Oct 19, 2019

Nine in Ten Young Arabs Concerned About Unemployment, 11th Arab Youth Survey 2019 shows

An overwhelming 89 percent of young Arabs expressed concern about levels of unemployment in their countries, according to a new finding from the 2019 ASDA’A BCW Arab Youth Survey, unveiled at an event organized by the International Monetary Fund (IMF) during the IMF and World Bank Annual Meetings in Washington, DC today.

The event, “Youth Aspirations in the Middle East and North Africa,” was moderated by Brian Cheung, a reporter with Yahoo Finance, and featured a presentation of key findings from this year’s Survey – now in its 11th annual edition – by Sunil John, Founder, ASDA’A BCW, and President, Middle East, BCW, which included new data about young Arabs’ concerns over their careers.

Joining John on the panel were Her Excellency Sahar Nasr, Egyptian Minister of Investment and International Cooperation, Jihad Azour, Director, IMF Middle East and Central Asia and Syrine Chaalala, co-Founder and Managing Director, nextProtein.

As the largest demographic group of the Middle East and North Africa region, many Arab youth face severe hurdles joining the labour force, with World Bank research[1] indicating 30 percent of 18-24 year olds are out of work in the Middle East and North Africa – the highest unemployment rate in the world. The 11th Arab Youth Survey shows that the rising cost of living and unemployment are the top two concerns among Arab youth but indicates a marked divide in opportunity between young Arabs living in the oil-rich Gulf states and their peers elsewhere, especially when it comes to expectations of their governments to address issues that matter to young people.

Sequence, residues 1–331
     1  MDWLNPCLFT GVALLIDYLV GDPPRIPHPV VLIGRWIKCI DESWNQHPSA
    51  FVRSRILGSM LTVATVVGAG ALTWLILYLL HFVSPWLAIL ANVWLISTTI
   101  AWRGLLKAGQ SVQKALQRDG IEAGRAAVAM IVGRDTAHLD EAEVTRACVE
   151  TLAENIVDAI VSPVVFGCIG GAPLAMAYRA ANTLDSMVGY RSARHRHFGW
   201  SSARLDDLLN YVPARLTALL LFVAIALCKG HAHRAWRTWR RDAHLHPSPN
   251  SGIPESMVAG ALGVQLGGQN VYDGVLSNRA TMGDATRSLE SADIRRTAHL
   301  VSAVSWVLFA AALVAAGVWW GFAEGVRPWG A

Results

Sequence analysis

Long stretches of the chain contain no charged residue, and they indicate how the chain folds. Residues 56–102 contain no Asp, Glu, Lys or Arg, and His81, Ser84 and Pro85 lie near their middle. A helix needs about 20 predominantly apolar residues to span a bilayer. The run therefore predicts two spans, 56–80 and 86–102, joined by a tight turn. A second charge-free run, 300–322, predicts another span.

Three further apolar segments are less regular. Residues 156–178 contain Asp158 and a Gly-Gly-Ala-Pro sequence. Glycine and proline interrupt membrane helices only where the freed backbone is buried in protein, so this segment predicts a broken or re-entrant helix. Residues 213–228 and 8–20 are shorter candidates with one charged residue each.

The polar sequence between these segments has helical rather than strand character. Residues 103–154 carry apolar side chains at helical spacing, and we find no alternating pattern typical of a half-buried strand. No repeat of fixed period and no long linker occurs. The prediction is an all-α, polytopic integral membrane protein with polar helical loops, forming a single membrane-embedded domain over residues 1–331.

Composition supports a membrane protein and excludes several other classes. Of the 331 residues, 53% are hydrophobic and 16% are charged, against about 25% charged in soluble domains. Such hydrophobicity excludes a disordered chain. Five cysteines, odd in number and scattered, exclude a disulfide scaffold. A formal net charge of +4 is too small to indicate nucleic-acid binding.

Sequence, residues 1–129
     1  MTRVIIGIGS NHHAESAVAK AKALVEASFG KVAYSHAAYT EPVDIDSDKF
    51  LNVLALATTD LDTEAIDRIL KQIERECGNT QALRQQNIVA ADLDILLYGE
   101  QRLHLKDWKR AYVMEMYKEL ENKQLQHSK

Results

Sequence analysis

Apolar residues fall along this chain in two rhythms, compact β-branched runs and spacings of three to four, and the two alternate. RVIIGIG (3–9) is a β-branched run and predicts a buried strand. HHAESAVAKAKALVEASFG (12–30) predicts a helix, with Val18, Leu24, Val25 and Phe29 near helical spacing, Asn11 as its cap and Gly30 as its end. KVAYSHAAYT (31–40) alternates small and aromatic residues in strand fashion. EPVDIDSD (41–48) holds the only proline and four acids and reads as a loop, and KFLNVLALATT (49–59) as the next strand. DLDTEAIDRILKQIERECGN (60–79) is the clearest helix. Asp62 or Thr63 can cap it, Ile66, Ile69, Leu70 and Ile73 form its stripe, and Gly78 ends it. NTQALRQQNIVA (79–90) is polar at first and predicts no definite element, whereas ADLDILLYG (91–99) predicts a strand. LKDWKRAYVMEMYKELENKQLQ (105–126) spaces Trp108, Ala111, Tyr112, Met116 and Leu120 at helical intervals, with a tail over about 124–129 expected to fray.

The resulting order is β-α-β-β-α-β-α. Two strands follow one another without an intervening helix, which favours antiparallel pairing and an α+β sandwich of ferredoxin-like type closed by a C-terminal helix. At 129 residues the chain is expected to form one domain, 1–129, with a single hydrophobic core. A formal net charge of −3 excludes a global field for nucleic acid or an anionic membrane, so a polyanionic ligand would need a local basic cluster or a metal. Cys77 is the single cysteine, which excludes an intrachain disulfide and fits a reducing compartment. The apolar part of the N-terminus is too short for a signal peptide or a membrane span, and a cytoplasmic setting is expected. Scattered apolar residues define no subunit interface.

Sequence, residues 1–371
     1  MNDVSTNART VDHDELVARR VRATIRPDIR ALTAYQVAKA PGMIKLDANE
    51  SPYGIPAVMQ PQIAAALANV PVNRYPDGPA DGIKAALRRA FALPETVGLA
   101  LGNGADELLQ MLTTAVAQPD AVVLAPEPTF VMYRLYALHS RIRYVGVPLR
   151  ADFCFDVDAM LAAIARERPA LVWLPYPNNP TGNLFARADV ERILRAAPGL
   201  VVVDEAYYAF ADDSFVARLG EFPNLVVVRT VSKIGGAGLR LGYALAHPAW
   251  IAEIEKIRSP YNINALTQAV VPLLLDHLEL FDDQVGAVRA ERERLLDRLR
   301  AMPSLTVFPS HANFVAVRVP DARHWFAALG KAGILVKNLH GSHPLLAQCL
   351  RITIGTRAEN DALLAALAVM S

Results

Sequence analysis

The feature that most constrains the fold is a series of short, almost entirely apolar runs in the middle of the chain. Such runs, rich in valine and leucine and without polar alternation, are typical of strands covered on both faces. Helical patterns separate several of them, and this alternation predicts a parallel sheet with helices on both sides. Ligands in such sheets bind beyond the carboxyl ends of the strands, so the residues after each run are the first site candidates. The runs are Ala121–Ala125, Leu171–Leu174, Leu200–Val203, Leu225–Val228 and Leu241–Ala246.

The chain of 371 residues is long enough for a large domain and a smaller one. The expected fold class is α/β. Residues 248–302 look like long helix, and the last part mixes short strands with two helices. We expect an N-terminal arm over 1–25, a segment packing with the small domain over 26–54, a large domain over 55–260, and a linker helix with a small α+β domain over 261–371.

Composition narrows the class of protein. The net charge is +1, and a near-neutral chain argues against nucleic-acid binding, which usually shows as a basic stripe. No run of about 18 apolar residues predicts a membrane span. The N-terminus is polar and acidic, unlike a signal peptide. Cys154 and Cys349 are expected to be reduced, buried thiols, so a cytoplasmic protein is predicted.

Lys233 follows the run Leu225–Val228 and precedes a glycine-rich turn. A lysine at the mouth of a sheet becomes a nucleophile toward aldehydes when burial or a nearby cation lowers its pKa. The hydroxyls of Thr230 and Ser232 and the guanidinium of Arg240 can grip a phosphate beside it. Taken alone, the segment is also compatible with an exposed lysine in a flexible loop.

For example, while 97 percent of youth in UAE are confident their national government has the capacity to battle rising unemployment, 80 percent of youth in Iraq have no confidence in their governments to do the same.

Young Arabs in the wealthy Gulf Cooperation Council (GCC) states also look to their governments as a source of employment. Seven in 10 (69 percent) of youth in the GCC want to work in the public sector – while those elsewhere are more amenable to private sector jobs, with just four in 10 youth in North Africa (40 percent) and the Levant (39 percent) preferring government jobs.

Presenting these findings to the panel, Sunil John said, “As a developing region with some of the fastest growing economies in the world, Arab youth cannot afford to be left behind. Now, more than ever, the region’s young people require the support of their governments if they are to realise their potential and take up the productive, fulfilling and rewarding careers which are needed to drive the economies of the region to greater heights.”

Addressing the audience at the event, John said, “We are privileged to present our research at the prestigious IMF and World Bank Annual Meetings, and to share actionable insights with international governments and other decision makers. The Arab Youth Survey is for a platform for dialogue and I hope that the dialogue we spark today can be the basis of policies and actions that can help change the future for Arab youth.”

The International Monetary Fund and World Bank Group Annual Meetings bring together financial experts, government representatives, private sector executives, academics and other civil society organisation representatives to discuss issues of global concern, including the world economic outlook, poverty eradication, economic development, and aid effectiveness.

The Arab Youth Survey is the largest study of its kind into the region’s largest demographic: its youth. Every year, ASDA’A BCW generates evidence-based insights that provide governments, the private sector, media and civil society with critical information and analysis to inform decision-making and policy formation and build greater awareness of Arab youth.

The full survey data is available at www.arabyouthsurvey.com.



[1] International Labour Organization, ILOSTAT database, “Unemployment, youth total (% of total labour force ages 15-24) (modelled ILO estimate)”. Data retrieved in September 2019 by The World Bank